Deliberate Assimilation, Destruction of Families and Communities: US Government Is Researching the Past of Indian Boarding Schools*

The U.S. Department of the Interior commissioned a report on boarding schools for Native Americans that had operated in the United States. “The investigation found that the federal Indian boarding school system deployed systematic militarized and identity-alteration methodologies in an attempt to assimilate […] through education,” the authors wrote.

We have to “address the lasting legacies of these policies so Indigenous peoples can continue to grow and heal,” said United States Secretary of the Interior Deb Haaland, who commissioned the report.

The report’s authors have so far established the existence of 53 cemeteries at former Indian boarding schools and announced that they will continue their investigation and publish more reports. Haaland intends to send her employees to Indigenous communities to build an “oral history” database of Indian boarding schools.

The US Government Is Following in Canada’s Footsteps

The conclusions of the preliminary report of the Department of the Interior paint a morbid picture of the federal system assimilating Indigenous peoples.

The main purpose of the report was to analyze documents pertaining to cemeteries and other burial places at schools, and to establish the number and identity of Indigenous children who died during their stay in these institutions.

Haaland tasked the department with this work in June of last year, by appointing a special commission. Her decision to “comprehensively address the facts and consequences of its federal Indian boarding school policies” was prompted by reports of the May 2021 discovery of 215 unmarked graves near a residential school on the territory of the Indigenous group Tk’emlúps te Secwépemc in British Columbia, Canada. Since then, surveys have found more than 1,300 burial places for Indigenous children near Canadian residential schools (the equivalent of American boarding schools).

The report was prepared under the supervision of Bryan Newland, Assistant Secretary for Indian Affairs of the Department of the Interior. Newland is a citizen of the Bay Mills Community (Ojibwe) in Michigan, where he served as chief judge and then chieftain. Haaland, his superior at the Department of the Interior, belongs to the Indigenous Laguna Pueblo group in New Mexico.

In the introduction to the more than 100-page report, Newland points out that further work will be needed because some federal archives were unavailable at the time of the research due to COVID-19 restrictions.

The report says that the first government-run institution for Indigenous children was established in 1819, and there were 409 federal Indian schools by 1969. Nearly half of them were managed by church organizations, which were often allocated funds by the government for this purpose.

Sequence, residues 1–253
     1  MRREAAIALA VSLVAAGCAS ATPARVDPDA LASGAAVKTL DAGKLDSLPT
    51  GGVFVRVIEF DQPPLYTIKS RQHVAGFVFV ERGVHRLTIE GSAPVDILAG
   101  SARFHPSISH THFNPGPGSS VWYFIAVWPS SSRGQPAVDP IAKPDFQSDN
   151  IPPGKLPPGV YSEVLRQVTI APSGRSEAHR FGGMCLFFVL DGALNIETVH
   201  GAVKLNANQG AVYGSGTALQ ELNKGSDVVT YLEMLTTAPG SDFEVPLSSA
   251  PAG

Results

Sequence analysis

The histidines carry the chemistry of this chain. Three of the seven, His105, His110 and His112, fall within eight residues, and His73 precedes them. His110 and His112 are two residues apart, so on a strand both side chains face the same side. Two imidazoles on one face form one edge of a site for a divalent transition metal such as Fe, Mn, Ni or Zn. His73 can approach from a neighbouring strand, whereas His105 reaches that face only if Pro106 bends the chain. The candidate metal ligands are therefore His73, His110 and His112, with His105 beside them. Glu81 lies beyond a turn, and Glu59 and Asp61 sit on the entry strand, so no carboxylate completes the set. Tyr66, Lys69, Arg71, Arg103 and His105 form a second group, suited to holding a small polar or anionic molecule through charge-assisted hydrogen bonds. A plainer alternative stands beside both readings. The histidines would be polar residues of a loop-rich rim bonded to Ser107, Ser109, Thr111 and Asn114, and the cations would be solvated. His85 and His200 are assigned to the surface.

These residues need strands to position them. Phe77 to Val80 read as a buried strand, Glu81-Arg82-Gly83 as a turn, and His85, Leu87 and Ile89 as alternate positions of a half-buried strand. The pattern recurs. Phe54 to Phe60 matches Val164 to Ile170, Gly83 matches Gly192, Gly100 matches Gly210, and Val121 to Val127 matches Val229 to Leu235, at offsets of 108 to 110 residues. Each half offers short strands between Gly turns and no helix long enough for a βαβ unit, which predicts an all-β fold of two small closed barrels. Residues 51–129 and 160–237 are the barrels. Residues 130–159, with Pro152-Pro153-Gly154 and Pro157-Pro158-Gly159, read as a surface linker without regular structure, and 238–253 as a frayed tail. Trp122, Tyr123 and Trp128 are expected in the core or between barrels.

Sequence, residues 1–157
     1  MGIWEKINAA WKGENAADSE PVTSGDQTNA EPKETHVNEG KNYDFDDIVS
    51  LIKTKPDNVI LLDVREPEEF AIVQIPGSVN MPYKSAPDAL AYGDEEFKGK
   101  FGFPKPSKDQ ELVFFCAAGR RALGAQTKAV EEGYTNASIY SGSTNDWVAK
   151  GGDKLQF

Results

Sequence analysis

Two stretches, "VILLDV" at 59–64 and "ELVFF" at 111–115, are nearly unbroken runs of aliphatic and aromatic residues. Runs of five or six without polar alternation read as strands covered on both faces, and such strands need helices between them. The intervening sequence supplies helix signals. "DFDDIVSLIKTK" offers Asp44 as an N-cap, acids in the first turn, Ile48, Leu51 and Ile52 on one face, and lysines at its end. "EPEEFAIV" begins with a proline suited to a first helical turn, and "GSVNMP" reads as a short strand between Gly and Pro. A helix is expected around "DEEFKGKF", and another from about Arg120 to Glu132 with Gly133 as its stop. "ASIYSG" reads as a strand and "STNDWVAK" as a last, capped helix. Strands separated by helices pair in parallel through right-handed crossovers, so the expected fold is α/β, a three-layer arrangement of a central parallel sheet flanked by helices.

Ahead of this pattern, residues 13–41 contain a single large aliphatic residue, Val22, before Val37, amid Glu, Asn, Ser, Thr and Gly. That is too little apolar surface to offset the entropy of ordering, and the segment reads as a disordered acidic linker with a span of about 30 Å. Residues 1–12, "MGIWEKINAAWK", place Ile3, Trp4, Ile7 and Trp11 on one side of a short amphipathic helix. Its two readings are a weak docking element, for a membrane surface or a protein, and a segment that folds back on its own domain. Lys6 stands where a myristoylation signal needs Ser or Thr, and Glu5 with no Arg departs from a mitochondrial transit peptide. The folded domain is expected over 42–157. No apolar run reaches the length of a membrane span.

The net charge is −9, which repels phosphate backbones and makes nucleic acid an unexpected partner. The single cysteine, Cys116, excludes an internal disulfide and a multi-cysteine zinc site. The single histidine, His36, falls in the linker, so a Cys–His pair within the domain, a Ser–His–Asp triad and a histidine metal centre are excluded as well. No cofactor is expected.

Haaland’s commission has so far identified 53 cemeteries at former Indian schools. They contain both marked (most) and unmarked graves. The authors of the report decided not to mention the names of these places to protect them from acts of vandalism.

Committee members have so far analyzed data on burial sites at 19 federal schools and estimated that there are approximately 500 children buried there. “As the investigation continues, the Department expects the number of identified burial sites to increase,” the report says.

‘Cultural Assimilation, Military Drills, Identity-Alteration Methodologies’

The document also contains a general description of how the schools operated and an opinion on the role they played.

“The investigation found that the federal Indian boarding school system deployed systematic militarized and identity-alteration methodologies in an attempt to assimilate American Indian, Alaska Native and Native Hawaiian children through education, including but not limited to renaming Indian children from Indian to English names; cutting the hair of Indian children; discouraging or preventing the use of American Indian, Alaska Native and Native Hawaiian languages, religions and cultural practices; and organizing Indian and Native Hawaiian children into units to perform military drills.”

The main goal of these schools was the “cultural assimilation and territorial dispossession of Indigenous peoples through the forced removal and relocation of their children.” These events were “heartbreaking and undeniable.” The authors of the report state, “The federal school system was directly destroying Indian families and tribes.”**

The attitude of the federal authorities is evidenced by the name given to the fund established in 1819 for the maintenance of schools and staff: the Civilization Fund Act.

The report concluded that, to date, “the federal government has not created any opportunity for survivors of federal Indian boarding schools, or their descendants and families, to report their boarding school experiences voluntarily,” and that support for cultural revitalization is needed for indigenous communities.**

“Recognizing the impacts of the federal Indian boarding school system cannot just be a historical reckoning,” Haaland said. “We must also chart a path forward to deal with these legacy issues. […] Each of those children is a missing family member, a person who was not able to live out their purpose on this Earth because they lost their lives as part of this terrible system.”